40 Under Forty Alum of the Year: Mike Maddox


Before he was a banker, before he was a lawyer, Mike Maddox was at his core a competitor. That drive compelled him to leave his native Oklahoma, where he had a standout high school basketball career, to challenge himself against the best at the University of Kansas. And in his four years there, he learned about the price to be paid for competing at the highest levels.

He left Lawrence with two Final Fours on his resume, one national championship (1988) and one near-miss, in the 1991 championship game against Duke. And for much of that time, Maddox was playing through the pain of a chronic back condition that limited his movement.

So he came into the business world hard-wired to achieve. That’s what earned him a spot on the 2004 roster of 40 Under Forty, when he was the Kansas City-area market president for Wichita-based INTRUST Bank. In 2007, a group of investors launched CrossFirst Bank, then brought him on board in 2008, about the time the nation’s financial-services sector was flirting with disaster.

“We had a unique opportunity to take advantage of having a healthy balance sheet,” Maddox says. “A lot of other banks had to shrink. But a big part of it was hiring really good bankers, working hard and hustling, taking care of our clients, and being laser focused on business. We also had a great shareholder base that was also a great referral source for us.”

It’s safe to say that no other bank in this region—perhaps the nation—has grown faster, longer and more consistently in the years since. Today, CrossFirst is the fourth-largest bank based in Kansas City region, with $6.6 billion in assets through the end of 2022. By that measurement, it was surpassed only by UMB, Commerce and Capitol Federal—all of which have histories that go back well more than a century.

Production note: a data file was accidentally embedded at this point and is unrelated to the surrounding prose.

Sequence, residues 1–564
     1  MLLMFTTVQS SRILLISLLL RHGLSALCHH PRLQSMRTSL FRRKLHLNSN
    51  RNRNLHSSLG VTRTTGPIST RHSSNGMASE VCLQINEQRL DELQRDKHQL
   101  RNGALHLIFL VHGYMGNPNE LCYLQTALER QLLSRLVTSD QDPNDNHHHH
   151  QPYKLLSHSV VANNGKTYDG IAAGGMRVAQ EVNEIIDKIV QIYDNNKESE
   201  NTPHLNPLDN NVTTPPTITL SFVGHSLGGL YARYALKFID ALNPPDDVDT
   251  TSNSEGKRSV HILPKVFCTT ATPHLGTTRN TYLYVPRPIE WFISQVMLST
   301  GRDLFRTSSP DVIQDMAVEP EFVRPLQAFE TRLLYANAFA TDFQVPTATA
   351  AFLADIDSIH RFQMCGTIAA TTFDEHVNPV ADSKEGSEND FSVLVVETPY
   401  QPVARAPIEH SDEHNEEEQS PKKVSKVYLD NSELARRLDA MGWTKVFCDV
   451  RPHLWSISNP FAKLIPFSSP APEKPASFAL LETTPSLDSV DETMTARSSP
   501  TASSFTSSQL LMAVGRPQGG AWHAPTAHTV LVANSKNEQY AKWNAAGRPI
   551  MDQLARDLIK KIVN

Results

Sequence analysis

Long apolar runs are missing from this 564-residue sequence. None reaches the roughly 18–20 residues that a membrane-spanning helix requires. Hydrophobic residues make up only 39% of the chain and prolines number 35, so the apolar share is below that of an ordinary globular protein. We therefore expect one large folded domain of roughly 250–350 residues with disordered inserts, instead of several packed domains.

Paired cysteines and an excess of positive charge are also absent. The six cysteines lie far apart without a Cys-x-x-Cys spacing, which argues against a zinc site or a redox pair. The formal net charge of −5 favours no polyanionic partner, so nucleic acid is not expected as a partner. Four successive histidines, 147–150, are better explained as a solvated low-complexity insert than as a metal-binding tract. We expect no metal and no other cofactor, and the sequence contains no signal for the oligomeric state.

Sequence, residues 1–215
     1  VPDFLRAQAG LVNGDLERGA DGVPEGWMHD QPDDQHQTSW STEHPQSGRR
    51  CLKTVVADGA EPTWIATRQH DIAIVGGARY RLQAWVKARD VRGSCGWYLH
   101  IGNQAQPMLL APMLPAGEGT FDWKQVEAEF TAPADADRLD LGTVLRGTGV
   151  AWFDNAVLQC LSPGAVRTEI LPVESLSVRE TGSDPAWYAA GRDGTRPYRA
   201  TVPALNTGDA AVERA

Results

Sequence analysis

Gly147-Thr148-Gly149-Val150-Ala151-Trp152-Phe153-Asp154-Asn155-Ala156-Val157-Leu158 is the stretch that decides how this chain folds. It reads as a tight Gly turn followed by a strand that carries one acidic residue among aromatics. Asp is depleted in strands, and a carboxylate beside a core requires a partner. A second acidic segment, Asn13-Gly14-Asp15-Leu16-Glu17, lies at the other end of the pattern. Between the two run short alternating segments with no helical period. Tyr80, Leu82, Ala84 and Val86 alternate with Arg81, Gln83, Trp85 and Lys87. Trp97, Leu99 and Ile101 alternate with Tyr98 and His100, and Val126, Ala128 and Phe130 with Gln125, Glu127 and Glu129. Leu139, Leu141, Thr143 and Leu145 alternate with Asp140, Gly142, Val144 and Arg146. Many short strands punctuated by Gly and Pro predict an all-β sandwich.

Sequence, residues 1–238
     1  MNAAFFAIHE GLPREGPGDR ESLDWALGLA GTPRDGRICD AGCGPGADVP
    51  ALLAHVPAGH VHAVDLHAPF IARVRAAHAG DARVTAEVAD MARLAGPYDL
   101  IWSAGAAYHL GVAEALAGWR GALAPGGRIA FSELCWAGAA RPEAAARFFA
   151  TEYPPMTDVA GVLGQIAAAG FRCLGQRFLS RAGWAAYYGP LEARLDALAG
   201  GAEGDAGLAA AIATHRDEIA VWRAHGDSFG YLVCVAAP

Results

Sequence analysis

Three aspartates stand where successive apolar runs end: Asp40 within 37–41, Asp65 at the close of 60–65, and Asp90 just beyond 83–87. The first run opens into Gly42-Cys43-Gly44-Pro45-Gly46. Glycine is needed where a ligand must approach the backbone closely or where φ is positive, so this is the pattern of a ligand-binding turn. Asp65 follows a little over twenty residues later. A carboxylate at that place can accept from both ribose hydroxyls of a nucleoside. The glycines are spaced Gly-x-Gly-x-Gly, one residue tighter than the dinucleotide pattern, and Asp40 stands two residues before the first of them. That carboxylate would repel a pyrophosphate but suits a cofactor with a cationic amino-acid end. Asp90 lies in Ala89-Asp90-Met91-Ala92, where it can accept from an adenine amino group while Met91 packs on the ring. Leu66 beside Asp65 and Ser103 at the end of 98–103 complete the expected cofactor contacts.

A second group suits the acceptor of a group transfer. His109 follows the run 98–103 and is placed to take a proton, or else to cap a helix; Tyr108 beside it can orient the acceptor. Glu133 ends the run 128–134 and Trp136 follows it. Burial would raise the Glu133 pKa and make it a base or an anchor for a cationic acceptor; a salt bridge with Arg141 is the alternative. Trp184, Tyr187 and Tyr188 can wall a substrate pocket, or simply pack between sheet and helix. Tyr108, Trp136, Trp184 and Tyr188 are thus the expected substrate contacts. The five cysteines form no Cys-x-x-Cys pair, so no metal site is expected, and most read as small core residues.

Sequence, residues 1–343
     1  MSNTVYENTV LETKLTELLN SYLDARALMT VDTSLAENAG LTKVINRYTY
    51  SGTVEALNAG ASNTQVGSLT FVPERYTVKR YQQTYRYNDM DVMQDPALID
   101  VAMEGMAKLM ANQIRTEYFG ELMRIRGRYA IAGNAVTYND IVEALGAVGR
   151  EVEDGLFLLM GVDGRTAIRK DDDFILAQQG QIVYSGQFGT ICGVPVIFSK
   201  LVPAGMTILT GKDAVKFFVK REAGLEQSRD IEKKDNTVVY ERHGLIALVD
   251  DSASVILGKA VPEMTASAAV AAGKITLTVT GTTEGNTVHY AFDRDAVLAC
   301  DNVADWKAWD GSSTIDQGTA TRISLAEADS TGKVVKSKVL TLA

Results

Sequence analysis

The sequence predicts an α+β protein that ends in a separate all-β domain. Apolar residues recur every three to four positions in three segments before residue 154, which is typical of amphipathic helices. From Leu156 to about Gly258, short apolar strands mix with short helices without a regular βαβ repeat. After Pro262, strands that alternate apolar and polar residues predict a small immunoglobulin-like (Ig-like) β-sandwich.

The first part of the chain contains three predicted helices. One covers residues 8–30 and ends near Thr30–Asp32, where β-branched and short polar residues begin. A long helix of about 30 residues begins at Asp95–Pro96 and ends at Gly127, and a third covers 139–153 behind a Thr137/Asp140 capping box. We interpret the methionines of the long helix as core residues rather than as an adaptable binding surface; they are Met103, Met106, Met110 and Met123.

His track record of success has earned Maddox a seat in Ingram’s 40 Under Forty Alumni of the Year program, joining some of the biggest names in regional business to earn that designation since 2016: Gordon Lansford of J.E. Dunn Construction, Greg Maday of SpecChem and Sporting Kansas City; Anne St. Peter of Global Prairie, Neal Sharma of Digital Evolution Group, Peter Mallouk of Creative Planning, Kevin Barth of Commerce Bank, and Debbie Wilkerson of the Greater Kansas City Community Foundation.

Maddox’s basketball days are over, but the lessons he took from them continue to shape his leadership today.

“Getting the opportunity to play at that level, you really figure out how hard you can push yourself,” says Maddox. “I was fortunate to play for great coaches, and they did a great job of pushing me, frankly, farther than I thought I could go. We all want to do things for the team, and with me, especially in my senior year, when the back problem became the worst. But it taught me how to fight through adversity.”

With three degenerative discs and another bulging—at age 22—Maddox looked down the road and saw his future in business, then law, with degrees in each field. After a few years in private practice in Lawrence, INTRUST Bank made him manager of two branches, and two years later, gave him the reigns to the northeast Kansas market.

CrossFirst under his leadership now goes head to head with the biggest banks in the region. At the same time, as pillars of the nation’s financial system are being shaken with instability, lessons from his playing days still hold their value.

“It’s like going back to basketball,” Maddox says. “If the other team is playing a zone defense, you’ve got to adjust your offense to take advantage of the opportunities that presents. The environment is changing for all the banks, and I think any time there’s disruption, opportunities get created. It’s incumbent upon leaders and management teams to assess all the risks and opportunities, then position the company to take advantage. And I think some will be created.”